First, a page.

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Unusual SuspectsPitt's Reign of Alarm and the Lost Generation of the 1790s$
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Kenneth R. Johnston

Print publication date: 2013

Print ISBN-13: 9780199657803

Published to Oxford Scholarship Online: September 2013

DOI: 10.1093/acprof:oso/9780199657803.001.0001

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PRINTED FROM OXFORD SCHOLARSHIP ONLINE (oxford.universitypressscholarship.com). (c) Copyright Oxford University Press, 2021. All Rights Reserved. An individual user may print out a PDF of a single chapter of a monograph in OSO for personal use. date: 23 April 2021

Before and After Lives

Before and After Lives

John Thelwall and William Godwin

(p.23) 2 Before and After Lives
Unusual Suspects

Kenneth R. Johnston

Oxford University Press

John Thelwall and William Godwin are the two highest-profile examples of ‘usual’ and ‘unusual’ suspects from the 1790s. Their lives clearly reveal the phenomenon of bifurcated biography characteristic of persons active in the pamphlet wars of the time, moving from fame to obscurity. Both were involved in the Treason Trials of 1794 and the effects of the Gagging Acts of 1795. They are analogues to the modern political phenomenon of ‘disappeared’ persons. Thelwall retreated from political writing and speaking, seeking relief in poetry, travel writing, and elocutionary lessons. Godwin was the preferred target for ‘hegemonic’ attacks on free-thinking enthusiasm for cultural reformation in Britain; he sought refuge in anonymous publication for nearly fifteen years after the turn of the century. His defense of Mary Wollstonecraft’s life backfired, destroying her reputation for over a century. His attempt to answer Malthus’s Essay on Population—which was originally motivated against Godwin’s perfectibilian theories—was similarly unsuccessful.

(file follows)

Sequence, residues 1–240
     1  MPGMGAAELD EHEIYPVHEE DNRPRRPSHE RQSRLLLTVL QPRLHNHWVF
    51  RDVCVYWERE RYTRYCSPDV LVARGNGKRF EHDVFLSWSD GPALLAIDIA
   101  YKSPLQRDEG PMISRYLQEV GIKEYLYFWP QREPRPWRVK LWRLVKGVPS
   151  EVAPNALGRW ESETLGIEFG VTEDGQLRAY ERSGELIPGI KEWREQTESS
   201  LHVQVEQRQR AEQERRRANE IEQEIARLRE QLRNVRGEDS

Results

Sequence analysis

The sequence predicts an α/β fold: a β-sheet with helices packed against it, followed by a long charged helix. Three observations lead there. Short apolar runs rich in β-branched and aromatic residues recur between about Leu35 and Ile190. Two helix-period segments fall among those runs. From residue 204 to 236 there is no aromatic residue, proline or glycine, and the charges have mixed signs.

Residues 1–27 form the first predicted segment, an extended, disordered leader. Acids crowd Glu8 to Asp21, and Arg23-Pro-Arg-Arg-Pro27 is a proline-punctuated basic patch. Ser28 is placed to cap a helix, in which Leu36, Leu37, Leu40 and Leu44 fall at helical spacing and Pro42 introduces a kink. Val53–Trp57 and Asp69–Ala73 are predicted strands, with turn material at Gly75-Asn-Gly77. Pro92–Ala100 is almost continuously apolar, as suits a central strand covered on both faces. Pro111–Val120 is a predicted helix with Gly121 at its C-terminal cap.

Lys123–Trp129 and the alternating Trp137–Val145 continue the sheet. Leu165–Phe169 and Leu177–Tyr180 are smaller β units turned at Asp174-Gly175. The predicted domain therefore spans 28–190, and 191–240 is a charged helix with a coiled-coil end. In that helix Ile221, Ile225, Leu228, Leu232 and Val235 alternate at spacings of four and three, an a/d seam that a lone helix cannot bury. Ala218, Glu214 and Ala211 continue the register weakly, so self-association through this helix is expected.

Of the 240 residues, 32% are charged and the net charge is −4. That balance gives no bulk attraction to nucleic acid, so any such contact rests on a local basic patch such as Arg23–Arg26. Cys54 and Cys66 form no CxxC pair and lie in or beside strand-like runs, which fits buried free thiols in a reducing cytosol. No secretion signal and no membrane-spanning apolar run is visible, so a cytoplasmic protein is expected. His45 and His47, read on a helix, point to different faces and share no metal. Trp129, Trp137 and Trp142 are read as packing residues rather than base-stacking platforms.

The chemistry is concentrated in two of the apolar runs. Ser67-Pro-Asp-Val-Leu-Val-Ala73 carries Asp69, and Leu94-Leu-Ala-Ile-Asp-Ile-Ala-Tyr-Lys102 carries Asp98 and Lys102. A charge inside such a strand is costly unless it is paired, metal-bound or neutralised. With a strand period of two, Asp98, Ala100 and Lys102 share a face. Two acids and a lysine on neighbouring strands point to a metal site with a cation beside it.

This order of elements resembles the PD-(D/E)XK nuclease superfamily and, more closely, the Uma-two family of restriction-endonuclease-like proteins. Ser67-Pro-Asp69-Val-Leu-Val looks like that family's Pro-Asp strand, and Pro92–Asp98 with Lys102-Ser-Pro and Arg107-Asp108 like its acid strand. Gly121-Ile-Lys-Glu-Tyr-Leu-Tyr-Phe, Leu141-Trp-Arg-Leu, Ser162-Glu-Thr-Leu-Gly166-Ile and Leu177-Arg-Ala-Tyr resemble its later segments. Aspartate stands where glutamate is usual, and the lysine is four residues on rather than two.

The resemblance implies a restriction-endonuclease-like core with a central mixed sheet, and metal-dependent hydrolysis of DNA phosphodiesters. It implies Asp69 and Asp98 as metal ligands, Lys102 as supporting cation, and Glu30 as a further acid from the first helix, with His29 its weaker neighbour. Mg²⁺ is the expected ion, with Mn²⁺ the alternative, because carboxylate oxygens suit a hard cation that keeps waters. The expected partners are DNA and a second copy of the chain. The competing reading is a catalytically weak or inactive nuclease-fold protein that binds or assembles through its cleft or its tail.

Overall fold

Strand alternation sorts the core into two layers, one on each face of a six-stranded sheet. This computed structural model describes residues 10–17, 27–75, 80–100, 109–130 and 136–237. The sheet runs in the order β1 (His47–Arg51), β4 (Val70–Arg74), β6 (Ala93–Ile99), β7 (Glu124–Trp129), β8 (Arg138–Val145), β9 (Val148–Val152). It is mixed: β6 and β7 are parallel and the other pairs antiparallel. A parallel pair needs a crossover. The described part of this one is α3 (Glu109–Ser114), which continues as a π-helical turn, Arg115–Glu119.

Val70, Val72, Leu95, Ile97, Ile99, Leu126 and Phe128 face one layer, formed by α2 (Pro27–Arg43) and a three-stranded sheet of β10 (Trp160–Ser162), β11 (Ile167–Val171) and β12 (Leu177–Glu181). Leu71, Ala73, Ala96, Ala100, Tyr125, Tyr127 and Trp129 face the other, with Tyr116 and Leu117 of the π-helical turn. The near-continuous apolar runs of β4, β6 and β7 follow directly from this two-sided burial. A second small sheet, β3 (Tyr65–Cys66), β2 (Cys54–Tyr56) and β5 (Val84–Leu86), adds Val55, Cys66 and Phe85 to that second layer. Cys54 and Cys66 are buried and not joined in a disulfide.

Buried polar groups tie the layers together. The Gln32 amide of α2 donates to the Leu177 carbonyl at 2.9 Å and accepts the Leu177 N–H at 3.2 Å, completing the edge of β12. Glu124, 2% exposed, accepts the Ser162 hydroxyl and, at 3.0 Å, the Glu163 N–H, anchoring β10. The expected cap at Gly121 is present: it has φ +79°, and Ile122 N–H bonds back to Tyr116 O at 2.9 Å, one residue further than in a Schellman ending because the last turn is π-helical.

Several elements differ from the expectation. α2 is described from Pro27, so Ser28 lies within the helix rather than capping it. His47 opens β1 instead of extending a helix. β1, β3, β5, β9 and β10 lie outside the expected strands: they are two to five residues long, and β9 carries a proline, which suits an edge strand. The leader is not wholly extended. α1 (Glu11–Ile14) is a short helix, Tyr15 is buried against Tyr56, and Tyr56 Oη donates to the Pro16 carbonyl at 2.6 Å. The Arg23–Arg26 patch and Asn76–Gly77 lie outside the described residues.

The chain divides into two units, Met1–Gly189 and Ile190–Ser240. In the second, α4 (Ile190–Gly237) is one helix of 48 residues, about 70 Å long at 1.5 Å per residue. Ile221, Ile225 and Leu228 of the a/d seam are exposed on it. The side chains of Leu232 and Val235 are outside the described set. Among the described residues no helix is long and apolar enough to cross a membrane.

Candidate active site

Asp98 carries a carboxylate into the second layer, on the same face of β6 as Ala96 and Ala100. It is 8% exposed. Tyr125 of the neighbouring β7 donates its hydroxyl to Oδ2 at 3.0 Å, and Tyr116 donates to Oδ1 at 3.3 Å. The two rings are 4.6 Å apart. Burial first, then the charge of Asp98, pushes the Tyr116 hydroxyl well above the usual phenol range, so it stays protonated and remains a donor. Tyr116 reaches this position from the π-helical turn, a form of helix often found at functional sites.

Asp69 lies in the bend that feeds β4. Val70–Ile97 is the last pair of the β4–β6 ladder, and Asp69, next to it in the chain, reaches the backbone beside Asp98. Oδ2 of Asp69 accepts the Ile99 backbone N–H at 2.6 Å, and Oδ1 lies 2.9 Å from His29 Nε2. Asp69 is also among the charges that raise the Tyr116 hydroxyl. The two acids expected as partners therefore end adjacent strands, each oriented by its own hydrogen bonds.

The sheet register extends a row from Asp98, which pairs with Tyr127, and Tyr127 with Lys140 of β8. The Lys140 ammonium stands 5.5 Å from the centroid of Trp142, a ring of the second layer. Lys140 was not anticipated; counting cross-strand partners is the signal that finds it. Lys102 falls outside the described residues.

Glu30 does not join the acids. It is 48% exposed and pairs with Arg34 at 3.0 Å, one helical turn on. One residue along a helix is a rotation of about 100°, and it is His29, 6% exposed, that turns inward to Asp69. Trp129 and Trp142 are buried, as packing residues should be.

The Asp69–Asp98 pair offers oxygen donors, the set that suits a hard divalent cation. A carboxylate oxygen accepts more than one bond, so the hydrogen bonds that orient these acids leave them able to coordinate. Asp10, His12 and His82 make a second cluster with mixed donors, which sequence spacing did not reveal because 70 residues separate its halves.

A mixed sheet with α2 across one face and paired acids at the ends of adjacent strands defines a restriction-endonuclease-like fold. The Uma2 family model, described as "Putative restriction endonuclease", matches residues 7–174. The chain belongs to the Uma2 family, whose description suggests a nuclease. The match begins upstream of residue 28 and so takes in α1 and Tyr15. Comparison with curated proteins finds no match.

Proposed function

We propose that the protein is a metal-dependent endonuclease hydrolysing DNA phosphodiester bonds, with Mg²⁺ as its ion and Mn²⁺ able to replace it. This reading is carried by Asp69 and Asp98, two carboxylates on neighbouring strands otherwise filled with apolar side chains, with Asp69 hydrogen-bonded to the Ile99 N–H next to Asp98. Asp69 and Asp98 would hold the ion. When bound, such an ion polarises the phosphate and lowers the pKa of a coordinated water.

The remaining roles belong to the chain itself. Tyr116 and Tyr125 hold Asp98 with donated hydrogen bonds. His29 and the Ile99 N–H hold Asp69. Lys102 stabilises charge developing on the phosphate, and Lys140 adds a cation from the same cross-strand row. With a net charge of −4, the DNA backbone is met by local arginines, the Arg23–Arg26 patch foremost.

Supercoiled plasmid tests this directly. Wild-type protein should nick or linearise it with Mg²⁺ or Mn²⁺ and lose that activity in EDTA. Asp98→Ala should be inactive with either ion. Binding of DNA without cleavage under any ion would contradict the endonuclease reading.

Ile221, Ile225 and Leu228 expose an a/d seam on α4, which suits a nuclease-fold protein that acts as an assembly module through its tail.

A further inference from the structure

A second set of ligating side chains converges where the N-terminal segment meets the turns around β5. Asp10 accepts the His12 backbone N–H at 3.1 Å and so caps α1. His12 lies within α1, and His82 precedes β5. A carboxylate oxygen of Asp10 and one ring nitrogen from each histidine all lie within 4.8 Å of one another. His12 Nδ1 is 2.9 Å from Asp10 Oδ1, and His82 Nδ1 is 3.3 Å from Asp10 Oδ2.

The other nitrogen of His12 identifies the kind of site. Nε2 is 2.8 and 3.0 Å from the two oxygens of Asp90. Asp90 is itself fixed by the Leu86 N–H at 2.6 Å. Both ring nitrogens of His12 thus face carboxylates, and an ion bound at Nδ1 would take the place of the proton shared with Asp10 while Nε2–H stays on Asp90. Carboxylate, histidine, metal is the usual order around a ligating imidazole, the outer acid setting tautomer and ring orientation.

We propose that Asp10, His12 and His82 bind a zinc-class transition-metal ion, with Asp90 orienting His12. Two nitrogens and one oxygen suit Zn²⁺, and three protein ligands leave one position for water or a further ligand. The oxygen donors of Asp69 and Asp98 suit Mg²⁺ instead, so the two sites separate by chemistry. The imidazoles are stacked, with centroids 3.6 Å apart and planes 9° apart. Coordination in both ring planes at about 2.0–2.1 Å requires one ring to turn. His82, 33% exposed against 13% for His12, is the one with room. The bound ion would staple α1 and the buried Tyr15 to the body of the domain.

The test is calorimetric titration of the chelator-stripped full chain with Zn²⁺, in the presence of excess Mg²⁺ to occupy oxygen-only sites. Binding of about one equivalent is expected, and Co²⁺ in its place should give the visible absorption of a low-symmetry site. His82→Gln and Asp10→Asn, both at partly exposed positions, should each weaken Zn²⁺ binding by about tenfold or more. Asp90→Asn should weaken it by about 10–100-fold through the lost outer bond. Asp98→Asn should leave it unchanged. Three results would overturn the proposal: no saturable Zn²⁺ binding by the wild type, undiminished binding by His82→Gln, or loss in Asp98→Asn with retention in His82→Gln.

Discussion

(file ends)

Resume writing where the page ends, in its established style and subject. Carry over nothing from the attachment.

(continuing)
Keywords:   John Thelwall, William Godwin, Bifurcated biographies, Treason Trials, Gagging Acts, ‘Disappeared’ persons, Mary Wollstonecraft, Thomas Malthus

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